Three Flawed Distinctions in the Philosophy of Time
Three Flawed Distinctions in the Philosophy of Time


The distinctions between A-series and B-series, between synchronic and diachronic identity and between perdurance and endurance are basic in the philosophy of time; yet they are flawed.

McTaggart's claim that the A-series is static and that a series has to be changing to be really temporal arises from a misunderstanding of temporal relations and of the task of ontological analysis.

"Synchronic identity" is synonymous with "strict identity", which has nothing to do with simultaneity. "Diachronic Identity" is another designation for persistence of an ordinary thing through time and change. Now, strict self-identity holds independently of whether a thing has a short or a long duration. Hence, diachronic identity is synchronic identity.

Lewis distinguishes two kinds of ontological analyses of persistence -the perdurance and the endurance analysis. This dichotomy is neither exhaustive, nor mutually exclusive. Moreover, his definitions of "persist", "perdure" and "endure" are patently inadequate.

Table of contents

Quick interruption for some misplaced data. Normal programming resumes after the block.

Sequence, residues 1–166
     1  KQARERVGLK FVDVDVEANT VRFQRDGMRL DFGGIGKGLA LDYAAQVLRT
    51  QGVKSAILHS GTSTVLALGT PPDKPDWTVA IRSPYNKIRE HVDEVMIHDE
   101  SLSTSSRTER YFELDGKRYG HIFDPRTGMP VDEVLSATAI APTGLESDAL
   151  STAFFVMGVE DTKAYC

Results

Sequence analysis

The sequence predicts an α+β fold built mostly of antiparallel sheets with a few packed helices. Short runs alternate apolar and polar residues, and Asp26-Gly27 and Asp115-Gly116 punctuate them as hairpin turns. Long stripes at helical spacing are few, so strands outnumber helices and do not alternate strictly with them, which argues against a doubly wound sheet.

There are three distinctions in the philosophy of time which I want to examine. It is worthwile to examine them because they are basic. I mean the distinctions between A-series and B-series, between synchronic and diachronic identity, and between perdurance and endurance.

    1. McTaggart's Series a

    It was the Hegelian McTaggart who first distinguished between the A-series and the B-series. Following C.D.Broad, who extensively commented on McTaggart's philosophy, this distinction was adopted by almost all analytic philosophers of time, though they disagreed with the conclusion to which McTaggart arrived on the basis of that distinction, namely that time is unreal. Today, philosophers of time even group themselves as either A-theorists or B-theorists.

    However, MacTaggart's distinction arises from a misunderstanding of Russell's ontology of time. He calls the series generated by the relation 'earlier than' "A-series" and takes it to be the time according to Russell's view. The B-series, which he contrasts to the A-series, is generated by the tenses present, past, and future. He analyses the tenses as relations to a present.

    Now, McTaggart emphasises that the B-series changes (what is future to a present, becomes present and finally past etc.) while the A-series does not. Then he argues that the gist of time is change and that therefore the A-series is not really temporal, or that it is at least incomplete and has to be supplemented to form what he calls the C-series. He characterises the A-series as static and the earlier-relation as a mere order relation.